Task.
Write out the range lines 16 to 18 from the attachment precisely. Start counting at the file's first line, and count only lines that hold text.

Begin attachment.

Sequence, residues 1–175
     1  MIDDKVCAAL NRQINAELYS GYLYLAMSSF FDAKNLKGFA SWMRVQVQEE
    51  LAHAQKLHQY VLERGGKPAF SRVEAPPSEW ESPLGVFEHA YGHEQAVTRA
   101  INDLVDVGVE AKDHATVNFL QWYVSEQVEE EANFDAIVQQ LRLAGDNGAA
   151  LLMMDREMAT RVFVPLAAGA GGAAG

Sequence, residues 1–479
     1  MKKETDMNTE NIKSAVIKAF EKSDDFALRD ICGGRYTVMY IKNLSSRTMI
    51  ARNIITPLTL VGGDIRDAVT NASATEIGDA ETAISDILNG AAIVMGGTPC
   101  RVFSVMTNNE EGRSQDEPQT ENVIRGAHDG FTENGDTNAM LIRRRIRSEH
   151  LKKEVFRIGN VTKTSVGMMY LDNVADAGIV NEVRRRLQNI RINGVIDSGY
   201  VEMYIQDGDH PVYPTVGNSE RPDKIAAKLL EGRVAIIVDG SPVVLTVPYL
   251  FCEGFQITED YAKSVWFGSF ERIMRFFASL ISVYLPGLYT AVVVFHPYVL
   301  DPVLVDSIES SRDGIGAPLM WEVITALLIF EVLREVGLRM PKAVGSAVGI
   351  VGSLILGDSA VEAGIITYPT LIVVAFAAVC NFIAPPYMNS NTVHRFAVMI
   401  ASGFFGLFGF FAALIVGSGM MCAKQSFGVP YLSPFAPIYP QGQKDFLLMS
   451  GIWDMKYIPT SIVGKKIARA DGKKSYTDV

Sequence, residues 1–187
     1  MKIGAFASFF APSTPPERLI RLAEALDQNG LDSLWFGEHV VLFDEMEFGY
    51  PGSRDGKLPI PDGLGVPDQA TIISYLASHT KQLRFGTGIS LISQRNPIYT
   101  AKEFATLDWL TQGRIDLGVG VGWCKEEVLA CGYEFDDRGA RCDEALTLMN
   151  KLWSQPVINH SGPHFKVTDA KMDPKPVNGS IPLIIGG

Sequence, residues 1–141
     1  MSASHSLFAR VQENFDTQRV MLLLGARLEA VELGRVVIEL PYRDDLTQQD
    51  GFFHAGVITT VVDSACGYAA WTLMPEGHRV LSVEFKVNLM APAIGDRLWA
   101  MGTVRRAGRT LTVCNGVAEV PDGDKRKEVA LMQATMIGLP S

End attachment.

   451  GIWDMKYIPT SIVGKKIARA DGKKSYTDV

Sequence, residues 1–187
     1  MKIGAFASFF APSTPPERLI RLAEALDQNG LDSLWFGEHV VLFDEMEFGY